Timberwolves at Spurs: An Uphill Battle

Hope not to see this scene in tonight's game

Hope not to see this scene in tonight’s game

The Wolves are coming off a tough loss at New Orleans on Friday night, in which they were beat handily by the worst team in the Western Conference.

It doesn’t get any easier tonight at San Antonio.

The Spurs are good. Real good. 28-11 good – which is good for 1st in the Southwest Division and 3rd overall in the Western Conference. (San Antonio is currently 1½ games behind the 28-8 Oklahoma City Thunder.)

The Spurs are good, but are they great? That’s where the data stops and the speculation starts. But with the Lakers threatening to miss the playoffs, OKC lacking James Harden, and the Clippers being the Clippers, the Spurs have a shot in the West this year. And it isn’t just question marks about the competition; San Antonio’s play this season suggests they’re every bit a threat to make The Finals.

Unfortunately for the Wolves, if the Spurs have a special strength, it appears to be their performance at home. The Spurs have actually lost three of their last five, but all three of those losses came on the road, against the Knicks, Hornets, and Grizz, respectively.  At 15-2 (.882), San Antonio has the best home winning percentage in the NBA. They’ve been eminently beatable on the road, at 13-9 (.591), but divine intervention isn’t going to move this tilt to the Target Center: coming off an overtime loss in Memphis Friday night, expect the Spurs to be primed and ready tonight at home.

Some specifics to look for tonight:

  • Tiago Splitter’s Free Throw Stroke: There’s really nothing else like it anywhere in the NBA. Enjoy its uniqueness, especially if his clangs bounce to Wolves rebounders.
  • Shved vs. Ginobili: Alexey Shved has frequently been compared to Manu Ginobili, notably by Oceanary over at Canis Hoopus. Manu’s a much more physical offensive player; Alexey is taller and passes over rather than under or around the defense more. Assuming they spend some time going head-to-head tonight, can we draw any other similarities or differences between the two funky foreign guards?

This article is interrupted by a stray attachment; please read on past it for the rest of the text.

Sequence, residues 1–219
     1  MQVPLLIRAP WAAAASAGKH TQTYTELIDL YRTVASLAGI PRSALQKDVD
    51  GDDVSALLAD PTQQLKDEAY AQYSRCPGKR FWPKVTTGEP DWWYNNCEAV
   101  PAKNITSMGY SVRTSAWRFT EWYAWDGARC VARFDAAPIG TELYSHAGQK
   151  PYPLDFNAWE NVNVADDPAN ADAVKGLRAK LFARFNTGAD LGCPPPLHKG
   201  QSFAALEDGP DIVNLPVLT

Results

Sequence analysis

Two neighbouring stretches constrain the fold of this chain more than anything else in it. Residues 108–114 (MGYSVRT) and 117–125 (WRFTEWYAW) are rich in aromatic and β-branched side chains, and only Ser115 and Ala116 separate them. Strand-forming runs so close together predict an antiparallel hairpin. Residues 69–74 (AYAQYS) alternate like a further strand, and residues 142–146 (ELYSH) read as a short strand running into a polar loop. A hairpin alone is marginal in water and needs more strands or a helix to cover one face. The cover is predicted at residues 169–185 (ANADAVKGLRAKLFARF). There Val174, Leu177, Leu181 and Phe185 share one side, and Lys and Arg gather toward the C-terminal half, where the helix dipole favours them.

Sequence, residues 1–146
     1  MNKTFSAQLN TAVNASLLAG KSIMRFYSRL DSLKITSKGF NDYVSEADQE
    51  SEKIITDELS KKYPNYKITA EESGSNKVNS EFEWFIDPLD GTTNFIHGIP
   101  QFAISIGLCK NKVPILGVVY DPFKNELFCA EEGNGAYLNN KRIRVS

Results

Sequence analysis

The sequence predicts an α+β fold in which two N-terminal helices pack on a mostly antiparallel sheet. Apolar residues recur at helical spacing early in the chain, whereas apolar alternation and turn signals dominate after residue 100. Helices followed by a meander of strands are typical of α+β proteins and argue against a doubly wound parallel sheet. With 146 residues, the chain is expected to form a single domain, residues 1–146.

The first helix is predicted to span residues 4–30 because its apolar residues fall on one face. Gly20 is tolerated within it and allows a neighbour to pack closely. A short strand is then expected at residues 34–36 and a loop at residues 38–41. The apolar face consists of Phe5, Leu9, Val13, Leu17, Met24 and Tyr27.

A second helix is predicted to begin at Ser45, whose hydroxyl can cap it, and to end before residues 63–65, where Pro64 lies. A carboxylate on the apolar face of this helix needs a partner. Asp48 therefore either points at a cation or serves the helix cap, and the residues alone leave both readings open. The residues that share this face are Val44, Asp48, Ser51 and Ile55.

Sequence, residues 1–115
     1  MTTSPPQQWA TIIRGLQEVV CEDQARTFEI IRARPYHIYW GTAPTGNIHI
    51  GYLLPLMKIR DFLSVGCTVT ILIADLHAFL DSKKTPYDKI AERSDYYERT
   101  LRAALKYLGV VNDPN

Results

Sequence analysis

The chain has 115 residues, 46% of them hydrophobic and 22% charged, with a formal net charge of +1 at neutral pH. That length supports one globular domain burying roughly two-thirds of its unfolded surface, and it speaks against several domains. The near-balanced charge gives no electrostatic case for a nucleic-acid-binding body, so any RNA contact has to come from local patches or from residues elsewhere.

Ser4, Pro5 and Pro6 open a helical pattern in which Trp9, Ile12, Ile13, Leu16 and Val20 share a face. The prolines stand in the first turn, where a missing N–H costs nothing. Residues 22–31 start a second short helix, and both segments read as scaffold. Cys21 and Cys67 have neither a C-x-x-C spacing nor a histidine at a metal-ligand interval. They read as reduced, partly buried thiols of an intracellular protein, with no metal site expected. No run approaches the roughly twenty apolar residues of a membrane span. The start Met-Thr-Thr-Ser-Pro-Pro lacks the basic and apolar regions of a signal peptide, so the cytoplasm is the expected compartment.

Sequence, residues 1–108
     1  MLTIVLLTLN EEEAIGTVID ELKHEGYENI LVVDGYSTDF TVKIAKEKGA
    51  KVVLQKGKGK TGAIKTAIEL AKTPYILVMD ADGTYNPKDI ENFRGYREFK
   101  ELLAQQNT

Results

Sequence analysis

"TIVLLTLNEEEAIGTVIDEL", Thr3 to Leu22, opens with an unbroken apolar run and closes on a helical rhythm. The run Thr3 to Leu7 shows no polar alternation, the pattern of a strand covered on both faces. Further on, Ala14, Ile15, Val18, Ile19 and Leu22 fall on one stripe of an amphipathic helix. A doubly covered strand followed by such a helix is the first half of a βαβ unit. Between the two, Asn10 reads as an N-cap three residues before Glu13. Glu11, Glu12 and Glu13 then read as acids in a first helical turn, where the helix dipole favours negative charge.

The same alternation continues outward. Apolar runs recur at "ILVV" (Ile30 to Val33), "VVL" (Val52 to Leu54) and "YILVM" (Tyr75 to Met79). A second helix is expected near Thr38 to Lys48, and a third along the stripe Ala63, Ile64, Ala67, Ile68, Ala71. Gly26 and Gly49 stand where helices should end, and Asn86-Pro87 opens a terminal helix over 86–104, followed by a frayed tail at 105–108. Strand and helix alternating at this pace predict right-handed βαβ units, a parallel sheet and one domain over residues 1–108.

• Who’s Afraid of Tony Parker? Tony Parker always seems to carve up the Wolves defense. No matter what I do, I still can’t erase his 55 point outburst a few seasons ago in Minneapolis from my mind. Parker is trouble, flat out. He’s averaging over 19 & 7, and has a PER of 22.5. The Wolves starting point, Luke Ridnour doesn’t have the lateral quickness to keep Parker out of the paint, where TP’s floater remains oh-so-devastating. What to do? Ricky Rubio isn’t a perfect matchup against Parker, as he’s still coming back from injury and simply isn’t as fast as Parker. But between Luke and Ricky, Rubio’s still the vastly superior defender, and the Wolves are going to need more than 18 minutes from him tonight to keep Parker from dominating offensively.
  • Can Pek Disrupt Duncan? Since Kevin Love went down, I find myself writing about how critical Pek’s performance is to the Wolves’ chances of winning before almost every game. Tonight is no different. Pek can’t stop Tim Duncan – no one can, really, at least not Duncan’t bread and butter moves, such as his face up bank shot from the extended block. But the Wolves’ chances of winning will go way up if Pekovic can keep Duncan off the boards and limit easy second-chance opportunities for the long-armed future Hall of Famer.
  • Rotating to Perimeter Shooters: The Spurs are great at swinging the ball around the horn to an open shooter on the wing or in the corner. Danny Green, Gary Neal, Kawhi Leonard, Matt Bonner, and even Punch-Drunk Wolves favorite Stephen Jackson can all bury those open treys, seemingly in their sleep. After all the poor shooting Wolves fans have seen this year, they may get an unwanted illustration tonight of what a bunch of professional shooters look like if they don’t rotate well defensively.

Enjoy the tilt.


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  1. Pingback: Cause For Alarm (SPURS 106, Wolves 88) | Punch-Drunk Wolves